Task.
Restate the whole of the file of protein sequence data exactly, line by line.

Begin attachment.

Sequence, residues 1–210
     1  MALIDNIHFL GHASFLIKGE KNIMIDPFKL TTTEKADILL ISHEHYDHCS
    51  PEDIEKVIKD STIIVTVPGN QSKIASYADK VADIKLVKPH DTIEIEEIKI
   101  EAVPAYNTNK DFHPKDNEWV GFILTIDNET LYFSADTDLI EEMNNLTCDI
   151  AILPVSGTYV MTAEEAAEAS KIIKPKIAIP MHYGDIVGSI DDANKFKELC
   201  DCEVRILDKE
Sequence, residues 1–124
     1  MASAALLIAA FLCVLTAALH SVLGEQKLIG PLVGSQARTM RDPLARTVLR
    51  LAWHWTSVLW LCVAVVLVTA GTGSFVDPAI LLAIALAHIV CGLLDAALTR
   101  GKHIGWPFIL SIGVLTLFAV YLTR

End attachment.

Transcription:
Sequence, residues 1–210
     1  MALIDNIHFL GHASFLIKGE KNIMIDPFKL TTTEKADILL ISHEHYDHCS
    51  PEDIEKVIKD STIIVTVPGN QSKIASYADK VADIKLVKPH DTIEIEEIKI
   101  EAVPAYNTNK DFHPKDNEWV GFILTIDNET LYFSADTDLI EEMNNLTCDI
   151  AILPVSGTYV MTAEEAAEAS KIIKPKIAIP MHYGDIVGSI DDANKFKELC
   201  DCEVRILDKE
Sequence, residues 1–124
     1  MASAALLIAA FLCVLTAALH SVLGEQKLIG PLVGSQARTM RDPLARTVLR
    51  LAWHWTSVLW LCVAVVLVTA GTGSFVDPAI LLAIALAHIV CGLLDAALTR
   101  GKHIGWPFIL SIGVLTLFAV YLTR